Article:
or "podcasts" is expected to grow from less than 15% of portable
digital music player owners in 2004 to 75% by 2010.
Their report Podcasting: Fact, Fiction and Opportunity, suggests that between 2004 and 2010, suggests that the compound annual growh of podcastng between 2004 and 2010 will be 101%. The article points to the use of podcasting amongst broadcasters like ABC and NBC, who are offering downloads of recorded newscasts. If you listen to BBC Radio 4's popular news programme, Today, you will hear them mentioning that you can download podcasts of their 8.10 interview every day.
Via: Econtent Mag & Technology 360
Technorati Tags: podcasting | BBC | broadcasting |
WOMMA stands for the Word of Mouth Marketing Association, if you're not already aware. In Chicago on July 13th, it will be holding the first-ever conference, called Measuring Word of Mouth, on measurement, metrics, and standards in word-of-mouth marketing. I must admit that I wasn't that familiar with the organisation unil I had an email from one of their people - Ben - asking if I could mention the event.
According to their website, WOMMA:
is the official trade association for the word of mouth marketing industry. WOMMA's mission is to promote and improve word of mouth marketing by:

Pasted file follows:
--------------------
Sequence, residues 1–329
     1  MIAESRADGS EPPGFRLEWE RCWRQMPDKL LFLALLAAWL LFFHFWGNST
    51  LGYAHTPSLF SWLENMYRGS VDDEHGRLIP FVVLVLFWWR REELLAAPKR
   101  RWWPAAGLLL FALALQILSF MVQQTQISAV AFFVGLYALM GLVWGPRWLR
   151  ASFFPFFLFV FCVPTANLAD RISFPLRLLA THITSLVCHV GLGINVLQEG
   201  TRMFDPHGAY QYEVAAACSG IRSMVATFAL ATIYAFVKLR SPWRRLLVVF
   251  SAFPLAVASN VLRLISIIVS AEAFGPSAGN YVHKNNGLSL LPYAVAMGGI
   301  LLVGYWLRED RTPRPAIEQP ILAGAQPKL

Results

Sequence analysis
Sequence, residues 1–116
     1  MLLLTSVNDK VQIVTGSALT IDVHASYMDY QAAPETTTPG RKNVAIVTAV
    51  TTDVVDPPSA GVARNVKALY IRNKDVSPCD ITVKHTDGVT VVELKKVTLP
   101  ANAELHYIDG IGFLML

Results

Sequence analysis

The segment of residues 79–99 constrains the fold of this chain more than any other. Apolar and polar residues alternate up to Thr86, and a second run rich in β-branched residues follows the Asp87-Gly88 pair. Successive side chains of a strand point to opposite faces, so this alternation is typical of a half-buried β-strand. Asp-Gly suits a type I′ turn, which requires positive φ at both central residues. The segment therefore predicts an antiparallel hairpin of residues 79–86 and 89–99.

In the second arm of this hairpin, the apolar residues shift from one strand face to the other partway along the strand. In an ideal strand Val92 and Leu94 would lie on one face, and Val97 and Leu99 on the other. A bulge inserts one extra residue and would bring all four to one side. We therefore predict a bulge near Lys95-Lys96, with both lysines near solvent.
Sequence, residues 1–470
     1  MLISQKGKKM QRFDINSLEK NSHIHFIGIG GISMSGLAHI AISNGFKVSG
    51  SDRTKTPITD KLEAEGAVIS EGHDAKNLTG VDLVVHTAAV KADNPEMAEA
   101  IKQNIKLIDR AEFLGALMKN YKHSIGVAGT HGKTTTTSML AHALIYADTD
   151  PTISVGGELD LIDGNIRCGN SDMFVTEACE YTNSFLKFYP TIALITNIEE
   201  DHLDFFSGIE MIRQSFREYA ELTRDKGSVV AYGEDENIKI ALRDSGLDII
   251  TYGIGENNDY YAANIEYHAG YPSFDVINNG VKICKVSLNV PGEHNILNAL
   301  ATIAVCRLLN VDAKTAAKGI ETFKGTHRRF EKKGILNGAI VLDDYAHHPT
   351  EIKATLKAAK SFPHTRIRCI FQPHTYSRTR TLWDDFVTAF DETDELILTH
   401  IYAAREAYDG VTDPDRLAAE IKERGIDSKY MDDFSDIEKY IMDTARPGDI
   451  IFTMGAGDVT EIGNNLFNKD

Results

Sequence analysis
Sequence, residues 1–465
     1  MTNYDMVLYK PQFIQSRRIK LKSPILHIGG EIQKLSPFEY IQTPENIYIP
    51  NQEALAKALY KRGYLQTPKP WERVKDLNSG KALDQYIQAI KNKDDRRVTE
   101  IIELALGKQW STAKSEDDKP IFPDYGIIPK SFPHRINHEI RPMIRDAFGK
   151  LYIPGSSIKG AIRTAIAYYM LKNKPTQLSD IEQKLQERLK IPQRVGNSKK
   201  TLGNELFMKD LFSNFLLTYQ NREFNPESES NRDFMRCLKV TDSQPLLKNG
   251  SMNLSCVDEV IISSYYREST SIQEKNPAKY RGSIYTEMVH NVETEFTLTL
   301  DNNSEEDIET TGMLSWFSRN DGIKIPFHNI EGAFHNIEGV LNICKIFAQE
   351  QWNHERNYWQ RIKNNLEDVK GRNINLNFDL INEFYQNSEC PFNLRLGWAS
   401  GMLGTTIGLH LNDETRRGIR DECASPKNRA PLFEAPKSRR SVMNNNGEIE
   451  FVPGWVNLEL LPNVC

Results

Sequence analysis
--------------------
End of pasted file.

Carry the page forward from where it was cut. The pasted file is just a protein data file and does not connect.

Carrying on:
- Protecting consumers and the industry with strong ethical guidelines
- Promoting WOM as an effective marketing tool
- Setting standards to encourage its use
Judging by their line-up of speakers and subjects it does sound like it could be quite an interesting event to attend. There are speakers from the Harvard Business School, Future Now, Brand Dimensions and Nielsen/NetRatings. WOMMA claims that attendees will learn 5 things from the event:
- Measure and Track Word of Mouth
- Prove the ROI of WOM
- Create a WOM Media Plan
- Discover Why Messages Go Viral
- Understand Why Customers Talk
Some of the talks and presentations that caught my eye were:
Optimizing WOM: Which Words Work?
Why People Talk: Consumer Behavior and Word of Mouth
"A Case For Using The Internet To Track Offline, Organic Word Of Mouth"
"The Blog Universe: Influencers, Early Adopters and Online Tenure Rolled into One"
"Customer Evangelists are Not Loyal Customers"
If you're interested in going to the event, please send me an email and I can send you a $50 discount code.
John Battelle picks up on a post by Russell Beattie regarding Twingine, a Google/Yahoo! comparison search engine. Simply type in your search terms and Twingine will display your Google and Yahoo! results side-by-side within your browser.
It's quite interesting to see what he actually has to say about Yahoo! results:
I should be eating our own corporate dogfood more at work and doing my web searches at Yahoo! Search
instead of Google but old habits die hard. Yahoo! Search is easily as
good, but for some reason I've always got this nagging doubt in my mind
of whether I'm seeing the absolute best search results or not. So I end
up using Google a lot to ease my suspicions.
I have actually been thinking the same about the results that Yahoo! throws up. Recently, I have ended up down dead alleys with Google, whilst Yahoo! has offered me far better results. Why not try out Twingine and see what you think?
On carrying out a search for "Movable Type Tutorial" I got taken to this weblog by Rick Klau, which welcomed me with the following message:
Talk of tailoring web pages to mirror search engine search words!!